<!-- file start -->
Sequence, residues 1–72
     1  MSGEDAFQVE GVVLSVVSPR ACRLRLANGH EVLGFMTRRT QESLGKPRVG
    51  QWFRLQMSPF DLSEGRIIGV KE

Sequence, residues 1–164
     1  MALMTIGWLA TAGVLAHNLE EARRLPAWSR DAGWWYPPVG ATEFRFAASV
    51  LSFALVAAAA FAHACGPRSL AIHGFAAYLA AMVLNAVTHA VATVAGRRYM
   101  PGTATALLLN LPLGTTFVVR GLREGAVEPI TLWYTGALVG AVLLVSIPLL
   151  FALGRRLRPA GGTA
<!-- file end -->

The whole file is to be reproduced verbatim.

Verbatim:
Sequence, residues 1–72
     1  MSGEDAFQVE GVVLSVVSPR ACRLRLANGH EVLGFMTRRT QESLGKPRVG
    51  QWFRLQMSPF DLSEGRIIGV KE

Sequence, residues 1–164
     1  MALMTIGWLA TAGVLAHNLE EARRLPAWSR DAGWWYPPVG ATEFRFAASV
    51  LSFALVAAAA FAHACGPRSL AIHGFAAYLA AMVLNAVTHA VATVAGRRYM
   101  PGTATALLLN LPLGTTFVVR GLREGAVEPI TLWYTGALVG AVLLVSIPLL
   151  FALGRRLRPA GGTA